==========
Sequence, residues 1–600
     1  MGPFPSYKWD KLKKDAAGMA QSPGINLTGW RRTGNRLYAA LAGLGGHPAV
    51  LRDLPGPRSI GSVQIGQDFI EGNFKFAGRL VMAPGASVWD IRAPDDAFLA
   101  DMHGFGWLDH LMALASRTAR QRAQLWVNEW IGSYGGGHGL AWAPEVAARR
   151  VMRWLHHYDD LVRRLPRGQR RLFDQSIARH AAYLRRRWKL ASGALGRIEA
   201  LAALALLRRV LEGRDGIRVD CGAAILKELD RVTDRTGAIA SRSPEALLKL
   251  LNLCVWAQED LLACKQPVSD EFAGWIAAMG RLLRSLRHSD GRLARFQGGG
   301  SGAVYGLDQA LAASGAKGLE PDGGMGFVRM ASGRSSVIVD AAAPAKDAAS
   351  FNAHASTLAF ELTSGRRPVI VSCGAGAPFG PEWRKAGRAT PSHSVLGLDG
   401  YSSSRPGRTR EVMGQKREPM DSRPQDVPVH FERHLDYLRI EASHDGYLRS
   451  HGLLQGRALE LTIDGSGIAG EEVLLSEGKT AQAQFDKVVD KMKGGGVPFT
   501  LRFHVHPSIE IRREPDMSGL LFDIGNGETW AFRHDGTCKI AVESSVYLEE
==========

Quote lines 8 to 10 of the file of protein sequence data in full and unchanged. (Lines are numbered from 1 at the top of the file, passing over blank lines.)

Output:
   301  SGAVYGLDQA LAASGAKGLE PDGGMGFVRM ASGRSSVIVD AAAPAKDAAS
   351  FNAHASTLAF ELTSGRRPVI VSCGAGAPFG PEWRKAGRAT PSHSVLGLDG
   401  YSSSRPGRTR EVMGQKREPM DSRPQDVPVH FERHLDYLRI EASHDGYLRS